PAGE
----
Yoga

Here, find insights, teachings, and explorations into all things yoga.

Posted on April 4th, 2012 by in Yoga

The Yoga of Burlesque

Image courtesy of Kate Drew Miller.

When I moved to the Berkshires from Brooklyn, I knew that a number of things were in store for me: my new job; plenty of opportunities for yoga; friendships honed from previous visits to Kripalu; and learning to drive. What I did not anticipate was becoming a performer in a burlesque troupe.

Actually, I take that back. People love to manifest things around the halls of Kripalu. They hope for relationships, emotional breakthroughs, job growth. The idea is that if you yearn for something in your life, set an intention to make it happen, and verbalize it, then the universe will provide. Me? I found myself telling folks left and right that one of the things I wanted to create was a co-ed burlesque troupe called Big-Girl Panties.

According to Merriam-Webster’s Dictionary, burlesque is “a theatrical entertainment of a broadly humorous, often earthy character consisting of short turns, comic skits, and sometimes striptease acts”—and it usually does not involve dudes. That’s why the idea of a co-ed troupe was so innovative! I’ve always been theatrically inclined, but this would’ve been something on a whole new level, especially considering that I was starting a whole new life, and ready to explore new ventures. Sure, all my talk of Big-Girl Panties was a good-natured joke, but one that, deep in my heart, I thought might actually happen.

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Posted on March 28th, 2012 by in Yoga

Grounded Presence

Need a boost in your yoga practice? In her R&R retreat workshop Grounded Presence, senior Kripalu Yoga teacher Evelyn Gonzalez explores enlivening ways to bring more grounding, energy, and spaciousness each time you step onto the yoga mat. Through the natural forces of opposition, Evelyn explains, you can find your center in each pose.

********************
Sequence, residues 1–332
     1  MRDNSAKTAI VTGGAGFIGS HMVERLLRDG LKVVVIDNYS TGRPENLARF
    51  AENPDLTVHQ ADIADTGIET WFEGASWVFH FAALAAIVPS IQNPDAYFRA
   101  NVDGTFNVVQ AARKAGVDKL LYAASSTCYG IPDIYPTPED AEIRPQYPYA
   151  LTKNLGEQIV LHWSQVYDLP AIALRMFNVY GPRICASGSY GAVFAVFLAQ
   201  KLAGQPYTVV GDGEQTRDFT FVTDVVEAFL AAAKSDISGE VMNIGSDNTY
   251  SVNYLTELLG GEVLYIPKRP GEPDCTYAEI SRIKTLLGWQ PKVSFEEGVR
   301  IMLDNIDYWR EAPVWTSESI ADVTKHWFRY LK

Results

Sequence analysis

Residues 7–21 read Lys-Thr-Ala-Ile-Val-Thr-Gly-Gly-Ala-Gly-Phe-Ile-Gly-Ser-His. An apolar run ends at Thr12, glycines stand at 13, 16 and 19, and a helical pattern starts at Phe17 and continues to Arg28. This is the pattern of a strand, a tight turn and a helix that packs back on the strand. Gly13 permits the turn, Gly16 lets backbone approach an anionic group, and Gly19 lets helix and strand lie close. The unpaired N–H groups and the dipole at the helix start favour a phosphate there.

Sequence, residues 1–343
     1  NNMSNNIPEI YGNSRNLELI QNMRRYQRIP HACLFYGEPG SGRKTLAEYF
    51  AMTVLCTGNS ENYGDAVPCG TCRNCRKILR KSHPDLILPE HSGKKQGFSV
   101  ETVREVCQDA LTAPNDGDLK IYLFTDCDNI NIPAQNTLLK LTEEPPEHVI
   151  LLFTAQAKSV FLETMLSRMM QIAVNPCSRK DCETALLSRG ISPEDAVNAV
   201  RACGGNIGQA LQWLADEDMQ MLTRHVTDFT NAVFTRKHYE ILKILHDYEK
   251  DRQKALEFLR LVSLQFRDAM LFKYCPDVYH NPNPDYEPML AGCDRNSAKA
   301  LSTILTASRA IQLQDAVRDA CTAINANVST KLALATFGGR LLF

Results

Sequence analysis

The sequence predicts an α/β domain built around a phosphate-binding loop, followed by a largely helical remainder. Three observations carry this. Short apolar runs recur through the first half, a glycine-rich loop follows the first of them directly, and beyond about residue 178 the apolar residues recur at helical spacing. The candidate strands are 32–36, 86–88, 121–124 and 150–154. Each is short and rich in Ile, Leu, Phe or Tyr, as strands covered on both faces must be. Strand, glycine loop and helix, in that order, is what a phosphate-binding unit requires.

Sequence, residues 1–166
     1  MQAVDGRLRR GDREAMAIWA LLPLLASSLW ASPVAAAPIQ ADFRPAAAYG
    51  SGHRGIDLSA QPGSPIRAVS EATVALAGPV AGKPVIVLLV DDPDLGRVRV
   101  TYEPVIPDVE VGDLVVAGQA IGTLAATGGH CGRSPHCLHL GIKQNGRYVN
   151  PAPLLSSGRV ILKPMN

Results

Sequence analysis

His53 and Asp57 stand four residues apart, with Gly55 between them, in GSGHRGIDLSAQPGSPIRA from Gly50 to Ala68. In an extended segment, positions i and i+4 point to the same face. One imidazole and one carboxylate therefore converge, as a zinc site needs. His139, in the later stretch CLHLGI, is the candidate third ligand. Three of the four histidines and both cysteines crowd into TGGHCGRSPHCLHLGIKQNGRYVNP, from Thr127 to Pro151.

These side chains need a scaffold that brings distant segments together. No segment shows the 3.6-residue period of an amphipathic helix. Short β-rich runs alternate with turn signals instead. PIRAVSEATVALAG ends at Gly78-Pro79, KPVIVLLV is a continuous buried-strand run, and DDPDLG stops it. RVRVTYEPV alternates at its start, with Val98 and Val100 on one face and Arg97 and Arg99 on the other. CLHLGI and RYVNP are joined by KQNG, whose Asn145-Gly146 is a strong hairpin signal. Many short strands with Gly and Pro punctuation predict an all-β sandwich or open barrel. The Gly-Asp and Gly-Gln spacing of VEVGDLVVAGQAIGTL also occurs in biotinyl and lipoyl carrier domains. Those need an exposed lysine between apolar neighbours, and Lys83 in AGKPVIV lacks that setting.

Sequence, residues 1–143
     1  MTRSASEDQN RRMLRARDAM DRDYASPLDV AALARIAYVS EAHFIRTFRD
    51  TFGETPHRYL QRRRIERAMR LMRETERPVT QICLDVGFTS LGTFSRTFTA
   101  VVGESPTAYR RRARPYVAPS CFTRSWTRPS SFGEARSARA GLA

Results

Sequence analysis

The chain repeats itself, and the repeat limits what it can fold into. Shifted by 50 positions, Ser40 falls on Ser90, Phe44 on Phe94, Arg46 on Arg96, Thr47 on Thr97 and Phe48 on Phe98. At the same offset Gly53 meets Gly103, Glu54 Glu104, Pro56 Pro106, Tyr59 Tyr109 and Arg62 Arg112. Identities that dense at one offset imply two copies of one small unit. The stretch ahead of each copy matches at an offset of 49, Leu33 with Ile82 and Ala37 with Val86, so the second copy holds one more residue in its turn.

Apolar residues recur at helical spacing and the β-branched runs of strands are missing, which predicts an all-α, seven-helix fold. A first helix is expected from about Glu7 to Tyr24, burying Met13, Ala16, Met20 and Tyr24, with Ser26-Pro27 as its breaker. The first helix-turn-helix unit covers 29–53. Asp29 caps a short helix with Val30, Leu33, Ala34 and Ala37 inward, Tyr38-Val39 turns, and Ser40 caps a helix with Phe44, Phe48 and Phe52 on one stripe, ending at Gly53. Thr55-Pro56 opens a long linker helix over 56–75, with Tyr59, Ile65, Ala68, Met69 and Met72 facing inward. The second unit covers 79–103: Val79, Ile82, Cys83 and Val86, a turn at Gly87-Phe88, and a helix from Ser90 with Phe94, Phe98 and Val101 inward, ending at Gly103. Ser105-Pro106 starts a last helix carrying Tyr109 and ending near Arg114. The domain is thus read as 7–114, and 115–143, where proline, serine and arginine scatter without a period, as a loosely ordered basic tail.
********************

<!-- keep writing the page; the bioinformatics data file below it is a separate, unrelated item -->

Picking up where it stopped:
Plant metaphors are a powerful way to let this concept blossom in your body. One of the keys to tapping into a sense of grounded presence in your practice is to become aware of what roots down and what branches out when you settle into a yoga posture—all the while connecting to the breath. Evelyn recommends lengthening the bones to find more space across the body, while simultaneously allowing the muscles to contract, “hugging” them into the bones for stability.

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Posted on March 20th, 2012 by in Yoga

Reigniting the Spark: A Hip-Hop Group Comes to Kripalu to Refuel and Reboot

I came to Kripalu for the Kundalini Yoga and Expressive Arts weekend with my New York City–based hip-hop and spoken-word group, ReadNex Poetry Squad. We were all in serious need of a rest. In 2010, our group did more than 200 shows, performances, and workshops, spending nine months of the year on the road. To put it bluntly, we were beat.

Much of our work is done with at-risk urban youth: We travel to schools and teach kids about youth empowerment. We introduce them to the concept of using performance art as a form of personal expression. But as rewarding as community work is, it can also become physically and emotionally exhausting if you don’t give yourself a chance to rest.

I got the idea to bring the ReadNex Poetry Squad to Kripalu after my fiancée visited a few times for spiritual retreats. After each visit, she came home regenerated and rejuvenated. That’s what we needed, I thought. For us to be able to continue giving back to the community, we had to take time to focus on our own spiritual development.

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Posted on March 19th, 2012 by in Words from the Wise, Yoga

Words from the Wise: Falling into Place